Panel Paper: Who Gets Counted As Part of America’s STEM Labor Force? the Implications of Different Classification Approaches for Understanding the Gender Gap in STEM

Saturday, November 10, 2018
8209 - Lobby Level (Marriott Wardman Park)

*Names in bold indicate Presenter

Matthew D. Baird, Robert Bozick and Drew M. Anderson, RAND Corporation

There is a well-documented gap in women's participation in STEM (science, technology, engineering, and mathematics) at all levels from schooling through employment. Evidence to-date has been based on categorizations of majors and occupations. This study asked a national sample of workers whether they work in STEM, i.e. did not classify based on their reported occupations, but on their self-reports of their job. Contrasting their STEM employment classification based on their self-reports with occupations uncovered a sizeable proportion of the labor market working in STEM jobs while in non-STEM occupations. We find that women are much more likely than men to find themselves in this mismatched STEM environment, and this alone accounts for the observed divergence in STEM work between men and women after college. We examine the wage returns to being in a STEM occupation, a STEM job, and the interaction between the two, and how they differ by gender. This informs how we should interpret this large segment of the women’s STEM workforce that are in non-STEM occupations. We discuss implications for the STEM labor market and the gender pay gap.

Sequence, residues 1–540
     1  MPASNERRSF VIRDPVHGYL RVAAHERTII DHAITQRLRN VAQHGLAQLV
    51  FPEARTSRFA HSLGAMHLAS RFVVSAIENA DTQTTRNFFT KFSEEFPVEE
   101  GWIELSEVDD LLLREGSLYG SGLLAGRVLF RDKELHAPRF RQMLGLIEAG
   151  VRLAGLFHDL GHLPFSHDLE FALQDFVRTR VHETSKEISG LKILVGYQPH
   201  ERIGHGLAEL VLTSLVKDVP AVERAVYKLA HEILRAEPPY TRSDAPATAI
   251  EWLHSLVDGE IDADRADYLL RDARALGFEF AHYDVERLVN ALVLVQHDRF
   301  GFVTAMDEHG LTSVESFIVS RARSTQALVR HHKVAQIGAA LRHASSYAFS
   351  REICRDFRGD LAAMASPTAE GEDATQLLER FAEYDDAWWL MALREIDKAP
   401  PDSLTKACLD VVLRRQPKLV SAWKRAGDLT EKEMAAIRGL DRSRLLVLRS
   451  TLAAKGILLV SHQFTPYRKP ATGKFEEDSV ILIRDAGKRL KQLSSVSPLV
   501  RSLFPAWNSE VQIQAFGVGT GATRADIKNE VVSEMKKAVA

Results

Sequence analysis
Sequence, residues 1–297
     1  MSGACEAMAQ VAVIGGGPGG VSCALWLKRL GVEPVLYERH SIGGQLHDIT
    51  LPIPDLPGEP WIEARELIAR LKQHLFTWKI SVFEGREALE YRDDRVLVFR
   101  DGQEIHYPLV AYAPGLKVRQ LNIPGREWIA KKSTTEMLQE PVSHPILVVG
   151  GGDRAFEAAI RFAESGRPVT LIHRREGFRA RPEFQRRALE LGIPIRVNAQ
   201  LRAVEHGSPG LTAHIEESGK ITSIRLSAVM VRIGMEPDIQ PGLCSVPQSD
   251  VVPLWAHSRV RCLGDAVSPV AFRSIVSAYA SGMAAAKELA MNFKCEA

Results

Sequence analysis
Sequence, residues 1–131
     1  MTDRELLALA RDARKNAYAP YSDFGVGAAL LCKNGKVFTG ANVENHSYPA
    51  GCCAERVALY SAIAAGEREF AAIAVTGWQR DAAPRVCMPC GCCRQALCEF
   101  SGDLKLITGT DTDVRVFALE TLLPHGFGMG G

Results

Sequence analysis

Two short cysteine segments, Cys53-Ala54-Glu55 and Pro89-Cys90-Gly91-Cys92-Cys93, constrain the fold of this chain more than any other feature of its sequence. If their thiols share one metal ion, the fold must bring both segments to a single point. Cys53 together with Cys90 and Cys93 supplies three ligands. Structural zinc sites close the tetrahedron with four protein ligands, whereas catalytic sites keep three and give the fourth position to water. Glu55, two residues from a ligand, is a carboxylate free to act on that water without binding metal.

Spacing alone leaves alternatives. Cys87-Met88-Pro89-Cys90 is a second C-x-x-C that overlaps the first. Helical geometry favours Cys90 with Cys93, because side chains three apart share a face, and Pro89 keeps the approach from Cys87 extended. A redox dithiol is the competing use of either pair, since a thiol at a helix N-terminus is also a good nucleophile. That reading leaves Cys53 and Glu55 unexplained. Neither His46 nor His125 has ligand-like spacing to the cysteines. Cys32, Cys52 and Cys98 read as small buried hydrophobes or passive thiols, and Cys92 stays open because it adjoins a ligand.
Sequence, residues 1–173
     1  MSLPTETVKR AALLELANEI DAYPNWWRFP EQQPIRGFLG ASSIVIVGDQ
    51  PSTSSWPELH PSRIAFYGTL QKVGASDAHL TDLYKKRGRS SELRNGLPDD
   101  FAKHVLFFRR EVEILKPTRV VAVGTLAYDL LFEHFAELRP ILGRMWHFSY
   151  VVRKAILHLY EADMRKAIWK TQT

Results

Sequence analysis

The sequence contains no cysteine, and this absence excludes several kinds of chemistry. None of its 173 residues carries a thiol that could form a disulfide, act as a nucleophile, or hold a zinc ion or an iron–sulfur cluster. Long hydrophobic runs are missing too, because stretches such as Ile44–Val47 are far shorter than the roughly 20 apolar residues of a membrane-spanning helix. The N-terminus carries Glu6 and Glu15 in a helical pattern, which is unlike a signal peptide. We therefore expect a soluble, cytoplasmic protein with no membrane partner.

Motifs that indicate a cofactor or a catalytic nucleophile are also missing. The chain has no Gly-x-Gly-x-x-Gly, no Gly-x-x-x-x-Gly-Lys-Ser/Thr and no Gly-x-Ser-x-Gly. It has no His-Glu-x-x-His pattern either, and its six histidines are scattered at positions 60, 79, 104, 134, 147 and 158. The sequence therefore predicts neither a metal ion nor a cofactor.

Full Paper: